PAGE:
Generally, abandonment does not occur if the physician responsible for the patient arranges for a substitute physician to take his or her place. This change may occur because of vacations, relocation of the physician, illness, distance from the patient’s home, or retirement of the physician. As long as care by an appropriately trained physician, sufficiently knowledgeable of the patient’s special conditions, if any, has been arranged, the courts will usually not find that abandonment has occurred. [4] Even where a patient refuses to pay for the care or is unable to pay for the care, the physician is not at liberty to terminate the relationship unilaterally. The physician must still take steps to have the patient’s care assumed by another [5] or to give a sufficiently reasonable period of time to locate another prior to ceasing to provide care.

Although most of the cases discussed concern the physician-patient relationship, as pointed out previously, the same principles apply to all health care providers. Furthermore, because the care rendered by the home health agency is provided pursuant to a physician’s plan of care, even if the patient sued the physician for abandonment because of the actions (or inactions of the home health agency’s staff), the physician may seek indemnification from the home health provider. [6]

ABANDONMENT BY THE NURSE OR HOME HEALTH AGENCY

Similar principles to those that apply to physicians apply to the home health professional and the home health provider. A home health agency, as the direct provider of care to the homebound patient, may be held to the same legal obligation and duty to deliver care that addresses the patient’s needs as is the physician. Furthermore, there may be both a legal and an ethical obligation to continue delivering care, if the patient has no alternatives. An ethical obligation may still exist to the patient even though the home health provider has fulfilled all legal obligations. [7]

When a home health provider furnishes treatment to a patient, the duty to continue providing care to the patient is a duty owed by the agency itself and not by the individual professional who may be the employee or the contractor of the agency. The home health provider does not have a duty to continue providing the same nurse, therapist, or aide to the patient throughout the course of treatment, so long as the provider continues to use appropriate, competent personnel to administer the course of treatment consistently with the plan of care. From the perspective of patient satisfaction and continuity of care, it may be in the best interests of the home health provider to attempt to provide the same individual practitioner to the patient. The development of a personal relationship with the provider’s personnel may improve communications and a greater degree of trust and compliance on the part of the patient. It should help to alleviate many of the problems that arise in the health care’ setting.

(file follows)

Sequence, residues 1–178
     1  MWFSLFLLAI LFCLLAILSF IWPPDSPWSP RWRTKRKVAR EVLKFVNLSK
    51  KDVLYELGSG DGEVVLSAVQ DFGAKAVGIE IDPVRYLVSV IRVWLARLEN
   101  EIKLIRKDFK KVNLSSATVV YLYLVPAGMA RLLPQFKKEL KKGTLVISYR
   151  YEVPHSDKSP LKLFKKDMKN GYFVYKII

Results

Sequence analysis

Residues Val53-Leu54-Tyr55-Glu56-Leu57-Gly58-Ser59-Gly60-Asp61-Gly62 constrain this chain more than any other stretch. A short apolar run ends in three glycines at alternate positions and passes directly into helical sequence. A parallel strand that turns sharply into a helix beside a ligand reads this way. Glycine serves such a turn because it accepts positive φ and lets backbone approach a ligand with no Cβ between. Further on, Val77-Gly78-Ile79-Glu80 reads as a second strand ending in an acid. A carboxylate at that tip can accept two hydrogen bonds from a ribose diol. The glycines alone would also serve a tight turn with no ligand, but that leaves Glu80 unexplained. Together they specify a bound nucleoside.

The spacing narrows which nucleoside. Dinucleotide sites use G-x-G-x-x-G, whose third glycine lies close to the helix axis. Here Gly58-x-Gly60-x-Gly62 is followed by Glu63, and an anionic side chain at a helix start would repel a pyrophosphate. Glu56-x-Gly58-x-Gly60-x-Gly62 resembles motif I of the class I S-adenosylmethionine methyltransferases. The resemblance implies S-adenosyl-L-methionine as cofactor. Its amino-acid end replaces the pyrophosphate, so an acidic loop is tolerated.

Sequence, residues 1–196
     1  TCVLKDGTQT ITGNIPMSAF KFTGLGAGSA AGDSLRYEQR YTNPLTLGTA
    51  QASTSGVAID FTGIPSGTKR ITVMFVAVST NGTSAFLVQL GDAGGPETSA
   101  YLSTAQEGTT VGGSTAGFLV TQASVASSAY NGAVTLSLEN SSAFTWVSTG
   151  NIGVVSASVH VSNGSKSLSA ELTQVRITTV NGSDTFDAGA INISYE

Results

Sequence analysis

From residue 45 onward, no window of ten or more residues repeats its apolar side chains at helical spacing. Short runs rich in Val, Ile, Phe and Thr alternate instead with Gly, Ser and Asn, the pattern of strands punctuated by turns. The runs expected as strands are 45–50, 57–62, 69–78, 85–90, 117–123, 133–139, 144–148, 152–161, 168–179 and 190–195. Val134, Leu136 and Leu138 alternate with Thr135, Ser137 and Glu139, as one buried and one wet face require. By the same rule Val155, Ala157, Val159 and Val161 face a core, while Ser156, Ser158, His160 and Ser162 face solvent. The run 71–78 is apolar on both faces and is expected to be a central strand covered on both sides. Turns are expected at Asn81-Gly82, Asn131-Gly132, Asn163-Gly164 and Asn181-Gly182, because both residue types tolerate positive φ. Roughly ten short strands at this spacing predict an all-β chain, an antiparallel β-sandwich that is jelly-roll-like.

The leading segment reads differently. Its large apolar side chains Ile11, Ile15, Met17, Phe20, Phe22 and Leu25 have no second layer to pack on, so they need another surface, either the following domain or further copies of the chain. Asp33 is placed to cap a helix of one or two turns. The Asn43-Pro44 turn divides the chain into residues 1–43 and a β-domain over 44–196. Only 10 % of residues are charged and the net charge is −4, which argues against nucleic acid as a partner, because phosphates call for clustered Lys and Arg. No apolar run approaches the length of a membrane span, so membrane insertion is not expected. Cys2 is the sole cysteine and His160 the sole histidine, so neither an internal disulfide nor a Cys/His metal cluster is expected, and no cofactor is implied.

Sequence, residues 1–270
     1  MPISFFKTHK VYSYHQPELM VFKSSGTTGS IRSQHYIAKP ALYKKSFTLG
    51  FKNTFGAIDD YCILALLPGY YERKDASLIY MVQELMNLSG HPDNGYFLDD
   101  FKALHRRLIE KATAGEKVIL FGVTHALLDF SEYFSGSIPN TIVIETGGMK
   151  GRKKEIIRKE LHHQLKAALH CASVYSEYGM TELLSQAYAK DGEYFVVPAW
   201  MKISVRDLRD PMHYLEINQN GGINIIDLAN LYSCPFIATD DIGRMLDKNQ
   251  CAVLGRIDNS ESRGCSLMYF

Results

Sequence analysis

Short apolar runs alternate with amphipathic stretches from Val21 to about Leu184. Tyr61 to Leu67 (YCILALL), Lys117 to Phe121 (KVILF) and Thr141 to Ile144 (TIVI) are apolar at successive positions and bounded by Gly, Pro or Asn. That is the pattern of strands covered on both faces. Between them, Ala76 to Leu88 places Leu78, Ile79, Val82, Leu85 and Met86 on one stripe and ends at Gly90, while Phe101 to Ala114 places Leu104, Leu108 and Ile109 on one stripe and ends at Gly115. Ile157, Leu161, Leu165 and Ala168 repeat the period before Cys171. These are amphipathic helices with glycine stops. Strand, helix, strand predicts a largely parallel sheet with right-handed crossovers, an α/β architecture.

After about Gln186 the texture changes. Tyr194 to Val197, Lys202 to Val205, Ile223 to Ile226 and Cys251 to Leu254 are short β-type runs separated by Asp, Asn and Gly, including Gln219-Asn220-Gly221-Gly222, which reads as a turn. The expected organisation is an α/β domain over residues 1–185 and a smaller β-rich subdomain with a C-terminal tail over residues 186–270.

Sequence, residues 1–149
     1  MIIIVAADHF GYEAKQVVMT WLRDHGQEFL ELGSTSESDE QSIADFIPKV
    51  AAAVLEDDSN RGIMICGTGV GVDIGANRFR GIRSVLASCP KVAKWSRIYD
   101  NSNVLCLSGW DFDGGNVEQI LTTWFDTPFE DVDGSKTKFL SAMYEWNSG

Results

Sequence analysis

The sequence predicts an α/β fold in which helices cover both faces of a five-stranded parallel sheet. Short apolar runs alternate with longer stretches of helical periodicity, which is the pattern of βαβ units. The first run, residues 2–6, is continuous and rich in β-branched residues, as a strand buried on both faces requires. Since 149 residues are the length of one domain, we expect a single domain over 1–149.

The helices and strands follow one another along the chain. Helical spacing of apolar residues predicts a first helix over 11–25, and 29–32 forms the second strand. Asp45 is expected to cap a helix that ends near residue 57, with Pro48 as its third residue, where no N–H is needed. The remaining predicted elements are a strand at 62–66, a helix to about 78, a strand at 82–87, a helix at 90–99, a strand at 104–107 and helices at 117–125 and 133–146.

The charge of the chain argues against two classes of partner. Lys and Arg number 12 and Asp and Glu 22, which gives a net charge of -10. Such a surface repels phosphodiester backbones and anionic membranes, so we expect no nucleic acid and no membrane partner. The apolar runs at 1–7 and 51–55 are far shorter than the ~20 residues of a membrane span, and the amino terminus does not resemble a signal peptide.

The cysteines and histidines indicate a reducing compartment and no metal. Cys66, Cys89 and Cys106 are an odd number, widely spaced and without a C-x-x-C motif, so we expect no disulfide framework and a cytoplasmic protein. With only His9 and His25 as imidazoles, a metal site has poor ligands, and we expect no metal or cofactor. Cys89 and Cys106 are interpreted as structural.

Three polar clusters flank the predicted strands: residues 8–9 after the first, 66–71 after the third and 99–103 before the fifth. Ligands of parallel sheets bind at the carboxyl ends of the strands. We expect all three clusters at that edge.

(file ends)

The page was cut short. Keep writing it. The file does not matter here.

If the patient requests replacement of a particular nurse, therapist, technician, or home health aide, the home health provider still has a duty to provide care to the patient, unless the patient also specifically states he or she no longer desires the provider’s service. Home health agency supervisors should always follow up on such patient requests to determine the reasons regarding the dismissal, to detect “problem” employees, and to ensure no incident has taken place that might give rise to liability. The home health agency should continue providing care to the patient until definitively told not to do so by the patient.

COPING WITH THE ABUSIVE PATIENT

Home health provider personnel may occasionally encounter an abusive patient. This abuse mayor may not be a result of the medical condition for which the care is being provided. Personal safety of the individual health care provider should be paramount. Should the patient pose a physical danger to the individual, he or she should leave the premises immediately. The provider should document in the medical record the facts surrounding the inability to complete the treatment for that visit as objectively as possible. Management personnel should inform supervisory personnel at the home health provider and should complete an internal incident report. If it appears that a criminal act has taken place, such as a physical assault, attempted rape, or other such act, this act should be reported immediately to local law enforcement agencies. The home care provider should also immediately notify both the patient and the physician that the provider will terminate its relationship with the patient and that an alternative provider for these services should be obtained.